A Study in Pregnancy Guilt: Coffee

I’m pretty clueless about the whole pregnancy thing. Among my close friends and family, I am the first person to have a baby in a really long time. The last baby I spent a lot of time around – my cousin Maddie – was born in 2000, and no, I can’t recall a lot more about my aunt’s pregnancy except that she had a rockin’ baby shower with really cute invitations.

That means that I’ve been introduced to “pregnancy culture” (ie, popular obsessions anchored in fear and “my pregnancy was done right” one-up-manship) through movies, TV, and other equally artificial sources of information, not real baby-fearing preggo women who are spurred on by a genuine concern that they’re doing the right thing regarding their pregnancies. Some women complain that they get sick of hearing unsolicited pregnancy myths and legends from family, friends, and even strangers, but I could use it every so often. At least they truly believe in their wacko nuggets of wisdom and possibly have good intentions.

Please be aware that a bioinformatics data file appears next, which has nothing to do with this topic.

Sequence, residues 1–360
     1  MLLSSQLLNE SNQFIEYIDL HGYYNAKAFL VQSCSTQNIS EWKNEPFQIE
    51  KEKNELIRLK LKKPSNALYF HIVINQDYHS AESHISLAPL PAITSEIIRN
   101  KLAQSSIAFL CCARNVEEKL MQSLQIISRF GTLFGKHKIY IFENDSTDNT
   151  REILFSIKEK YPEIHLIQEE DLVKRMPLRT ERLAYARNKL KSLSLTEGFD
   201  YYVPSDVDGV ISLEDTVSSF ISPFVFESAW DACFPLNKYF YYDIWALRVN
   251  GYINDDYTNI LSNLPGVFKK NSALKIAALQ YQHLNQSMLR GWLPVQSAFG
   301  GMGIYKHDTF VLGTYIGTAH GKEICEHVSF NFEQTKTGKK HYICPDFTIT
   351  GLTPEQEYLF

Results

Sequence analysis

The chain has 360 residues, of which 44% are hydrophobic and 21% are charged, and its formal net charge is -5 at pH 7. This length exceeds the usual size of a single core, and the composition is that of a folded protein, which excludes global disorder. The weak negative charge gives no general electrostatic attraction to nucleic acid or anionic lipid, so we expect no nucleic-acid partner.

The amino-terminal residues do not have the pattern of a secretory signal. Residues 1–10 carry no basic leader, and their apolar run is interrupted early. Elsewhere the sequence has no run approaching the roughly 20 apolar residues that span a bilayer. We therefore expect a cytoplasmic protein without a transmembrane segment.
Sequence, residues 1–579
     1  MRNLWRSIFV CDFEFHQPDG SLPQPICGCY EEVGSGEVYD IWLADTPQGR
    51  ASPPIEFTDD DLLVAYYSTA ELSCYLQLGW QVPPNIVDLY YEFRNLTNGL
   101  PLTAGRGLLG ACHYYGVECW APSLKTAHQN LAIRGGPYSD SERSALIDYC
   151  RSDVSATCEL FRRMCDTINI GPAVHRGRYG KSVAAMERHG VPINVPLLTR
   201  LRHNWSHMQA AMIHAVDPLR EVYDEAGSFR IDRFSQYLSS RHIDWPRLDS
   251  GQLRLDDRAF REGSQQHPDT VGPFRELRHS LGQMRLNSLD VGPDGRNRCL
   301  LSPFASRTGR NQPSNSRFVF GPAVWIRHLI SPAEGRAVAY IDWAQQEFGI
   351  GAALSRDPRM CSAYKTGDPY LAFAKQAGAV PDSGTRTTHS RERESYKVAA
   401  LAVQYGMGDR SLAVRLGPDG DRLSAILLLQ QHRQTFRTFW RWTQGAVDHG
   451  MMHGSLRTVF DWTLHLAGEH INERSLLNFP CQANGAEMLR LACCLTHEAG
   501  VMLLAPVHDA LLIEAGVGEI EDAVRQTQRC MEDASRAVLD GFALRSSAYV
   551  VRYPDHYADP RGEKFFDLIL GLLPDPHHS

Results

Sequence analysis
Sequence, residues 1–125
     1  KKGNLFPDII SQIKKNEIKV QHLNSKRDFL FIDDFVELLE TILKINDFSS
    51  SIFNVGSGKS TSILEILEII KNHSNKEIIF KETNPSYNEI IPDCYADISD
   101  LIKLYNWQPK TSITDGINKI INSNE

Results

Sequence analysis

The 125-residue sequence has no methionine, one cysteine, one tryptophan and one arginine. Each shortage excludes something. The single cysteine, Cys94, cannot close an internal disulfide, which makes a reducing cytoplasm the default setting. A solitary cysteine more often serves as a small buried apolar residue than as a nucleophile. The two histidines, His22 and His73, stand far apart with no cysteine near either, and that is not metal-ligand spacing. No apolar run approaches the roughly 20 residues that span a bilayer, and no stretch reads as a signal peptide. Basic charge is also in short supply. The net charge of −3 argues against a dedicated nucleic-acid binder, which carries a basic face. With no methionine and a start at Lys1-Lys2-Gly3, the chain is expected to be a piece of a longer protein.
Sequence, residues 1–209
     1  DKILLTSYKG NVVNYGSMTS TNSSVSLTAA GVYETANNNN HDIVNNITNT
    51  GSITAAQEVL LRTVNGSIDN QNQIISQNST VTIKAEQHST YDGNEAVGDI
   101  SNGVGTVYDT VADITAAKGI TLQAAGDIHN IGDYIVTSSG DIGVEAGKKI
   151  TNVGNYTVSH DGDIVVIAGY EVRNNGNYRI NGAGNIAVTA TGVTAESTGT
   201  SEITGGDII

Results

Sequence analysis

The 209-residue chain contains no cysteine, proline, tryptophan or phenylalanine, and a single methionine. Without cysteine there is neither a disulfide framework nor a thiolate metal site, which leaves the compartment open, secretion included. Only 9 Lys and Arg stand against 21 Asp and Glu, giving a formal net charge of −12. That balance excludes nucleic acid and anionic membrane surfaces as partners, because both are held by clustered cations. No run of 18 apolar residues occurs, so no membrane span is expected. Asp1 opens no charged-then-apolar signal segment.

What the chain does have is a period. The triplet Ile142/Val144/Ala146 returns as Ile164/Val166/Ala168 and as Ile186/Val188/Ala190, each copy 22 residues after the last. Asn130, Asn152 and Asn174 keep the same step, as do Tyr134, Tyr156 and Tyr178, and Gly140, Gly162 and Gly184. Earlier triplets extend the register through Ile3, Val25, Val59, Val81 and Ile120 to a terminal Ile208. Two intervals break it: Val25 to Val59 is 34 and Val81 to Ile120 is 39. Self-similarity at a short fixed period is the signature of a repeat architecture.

So cute, so innocent

When I first learned of the pregnancy, the first thing I decided I needed to do – because it’s what Pam did on The Office – was give up coffee cold turkey. I thought that if I didn’t, the baby’s growth would instantly be stunted for life, I would egg on a birth defect, I would miscarry. The list of my unexamined maybes just goes on and on. Yeah, that lasted about 20 minutes. Several facts:

  • The Office is a hilarious show, but
  • No matter how sane the character of Pam may be on the show, one cannot realistically model one’s very real pregnancy on her fictitious one, therefore
  • Consult your doctor, silly girl.

I love coffee. Far from being an “addict” who uses it to regulate all facets of my life, I sincerely enjoy it and take a lot of pleasure from drinking it. Although I am a reasonably self-controlled person, it’s hard for me to resist it when it’s sitting there in my pantry waiting to be consumed.

So I drank a diluted cup a day and felt massively guilty because that was how I was supposed to feel, right? Guilty because I was putting my own craving before the well-being of the baby. Guilty because I was a freak of nature whose only desire was to drink coffee even when all other foods made me want to vomit. What’s next, Emily, cocaine?